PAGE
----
And then, he went to his little brother Benjamin, the only full brother he had among all his siblings, the one whose birth coincided with their mother’s death, ” he fell on his brother Benjamin’s neck and wept and Benjamin wept on his neck.” (Ber 44:14)
Two sets of brothers, weeping on each other’s necks, bridging a gap of years and old hurt feelings. But a careful read suggests a difference. In the case of Jacob and Esau, the encounter seems more one-sided; Esau “fell on his neck and he kissed him, and they wept.” (Gen 33:4) Esau had wanted to kill Jacob because he cheated him. Joseph may have been an annoying, self-centered little brother who kept talking about his own dreams, but he didn’t cheat or deceive his brothers.  They were the ones who plotted against him. Jacob probably felt more relief than actual love when Esau embraced him; they never saw each other again until their father died.  With Joseph and his brothers, though he was the one whose life was in danger, he always hoped to find his family again.  We don’t get that sense from Jacob at all.  When Joseph told the brothers who he was, his first thoughts were of his father, and his brothers’ welfare.  He immediately made arrangements to bring the family to Egypt, and made sure they were taken care of.
Joseph knew what it was like to be a target of his brothers’ hate.  Benjamin had been unjustly accused and Joseph saw that his brothers protected him, speaking of the injustice to the powerful vizier, not knowing it was their brother.)  Joseph and Benjamin sought each other out at just that moment of revelation, could hold each other, and each weep with the other for the return of their family unity, in a way that Jacob and Esau never attained.
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Chanukah 5777: 8th candle

chanukah 8Years ago I found an article in the Chicago Jewish News that laid out eight gifts for Chanukah, none of which cost a thing.  I don’t know the author;  I wish I did.  But for at least a decade, our children have heard one of these every night, in no particular order.  Sometimes it was the only gift they got, but even if there was something to unwrap, they got these gifts first.  In the interest of changing times, community, and adult children, I have edited these slightly.

Tonight, the gift of OPTIMISM

This includes both a sense of perspective and a sense of joy.  Life will be hard enough, so relish the good moments.  Our other gifts will help you stay strong in the face of adversity.  This one will help you savor its absence.  Focus on hope, equanimity, and a positive outlook, instead of on worry and pessimism.  And when you feel despair or pessimism, take that as a sign of what work needs to be done next.  There is always work to be done in this world.  Be a joyous presence.  Count your blessings. Have fun.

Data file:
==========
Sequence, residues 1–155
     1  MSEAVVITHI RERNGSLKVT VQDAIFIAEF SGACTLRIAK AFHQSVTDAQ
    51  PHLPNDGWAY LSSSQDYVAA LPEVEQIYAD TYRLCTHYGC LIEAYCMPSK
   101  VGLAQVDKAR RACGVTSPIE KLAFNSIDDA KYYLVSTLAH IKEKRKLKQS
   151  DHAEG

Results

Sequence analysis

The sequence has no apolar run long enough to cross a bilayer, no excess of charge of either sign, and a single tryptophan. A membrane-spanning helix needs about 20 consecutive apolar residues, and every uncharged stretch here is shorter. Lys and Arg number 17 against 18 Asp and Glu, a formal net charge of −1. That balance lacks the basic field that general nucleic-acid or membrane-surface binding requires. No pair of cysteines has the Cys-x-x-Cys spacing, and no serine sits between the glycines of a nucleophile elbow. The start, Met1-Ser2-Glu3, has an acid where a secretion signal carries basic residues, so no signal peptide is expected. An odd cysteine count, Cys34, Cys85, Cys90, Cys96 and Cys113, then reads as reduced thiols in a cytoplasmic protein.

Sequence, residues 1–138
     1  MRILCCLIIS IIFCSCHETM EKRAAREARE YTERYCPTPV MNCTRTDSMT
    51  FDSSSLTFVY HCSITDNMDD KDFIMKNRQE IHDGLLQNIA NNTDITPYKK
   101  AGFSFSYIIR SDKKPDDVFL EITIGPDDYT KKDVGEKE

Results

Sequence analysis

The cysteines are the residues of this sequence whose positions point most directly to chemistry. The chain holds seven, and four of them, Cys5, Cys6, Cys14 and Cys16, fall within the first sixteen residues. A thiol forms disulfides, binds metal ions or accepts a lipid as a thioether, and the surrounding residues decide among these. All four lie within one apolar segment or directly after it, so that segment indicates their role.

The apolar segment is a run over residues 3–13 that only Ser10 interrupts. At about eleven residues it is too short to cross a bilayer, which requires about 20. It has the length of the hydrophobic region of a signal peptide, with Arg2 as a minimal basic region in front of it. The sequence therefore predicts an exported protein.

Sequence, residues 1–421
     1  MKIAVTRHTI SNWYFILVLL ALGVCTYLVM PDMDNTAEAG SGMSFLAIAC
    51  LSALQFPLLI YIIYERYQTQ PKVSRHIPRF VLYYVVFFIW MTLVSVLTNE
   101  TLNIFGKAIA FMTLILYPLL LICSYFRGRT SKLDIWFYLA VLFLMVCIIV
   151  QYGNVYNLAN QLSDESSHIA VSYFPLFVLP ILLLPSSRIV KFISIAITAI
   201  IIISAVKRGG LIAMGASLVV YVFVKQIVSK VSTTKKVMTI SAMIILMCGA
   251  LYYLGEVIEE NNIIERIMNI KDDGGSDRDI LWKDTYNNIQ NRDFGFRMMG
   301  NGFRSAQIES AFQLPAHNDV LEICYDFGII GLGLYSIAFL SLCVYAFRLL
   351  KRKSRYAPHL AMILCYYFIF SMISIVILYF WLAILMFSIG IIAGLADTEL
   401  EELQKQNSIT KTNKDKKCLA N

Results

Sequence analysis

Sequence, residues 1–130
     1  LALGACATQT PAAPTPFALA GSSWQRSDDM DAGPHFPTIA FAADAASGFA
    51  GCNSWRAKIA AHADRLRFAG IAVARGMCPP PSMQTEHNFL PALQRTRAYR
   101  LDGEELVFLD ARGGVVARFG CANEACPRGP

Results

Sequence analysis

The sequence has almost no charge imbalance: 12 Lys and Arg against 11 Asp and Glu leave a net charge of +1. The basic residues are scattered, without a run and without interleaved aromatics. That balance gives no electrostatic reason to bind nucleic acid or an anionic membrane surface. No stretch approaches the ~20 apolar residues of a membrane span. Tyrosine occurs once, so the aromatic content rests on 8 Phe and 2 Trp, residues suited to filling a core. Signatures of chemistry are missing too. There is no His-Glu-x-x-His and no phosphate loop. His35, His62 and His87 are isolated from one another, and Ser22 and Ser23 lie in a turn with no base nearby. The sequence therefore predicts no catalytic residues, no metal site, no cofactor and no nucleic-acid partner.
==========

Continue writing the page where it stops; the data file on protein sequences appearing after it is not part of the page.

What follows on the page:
Chag orim sameach;  Happy Chanukah!

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Chanukah 5777: 7th candle

chanukah-7Years ago I found an article in the Chicago Jewish News that laid out eight gifts for Chanukah, none of which cost a thing.  I don’t know the author;  I wish I did.  But for at least a decade, our children have heard one of these every night, in no particular order.  Sometimes it was the only gift they got, but even if there was something to unwrap, they got these gifts first.  In the interest of changing times, community, and adult children, I have edited these slightly.

Tonight, the gift of SECURITY

Well, at least as much security as we can give you.  Physical security is no longer guaranteed in this world; violence is random and raging.  But we send you into the world with a deep personal security of who you are.  Your true, long range security has to come from within yourselves, from being and becoming trustworthy.  Meanwhile, we will do all we can to give you the foundation of composure, of knowing without question that you are able to do good things in the world.  We are proud of your innate abilities, your goodness, and your good sense, and of your willingness to try.  You do not need to compete, or to follow the crowd to gain self-esteem, because you already have, from us, and from within yourself, the seeds of true confidence.  Just nurture them.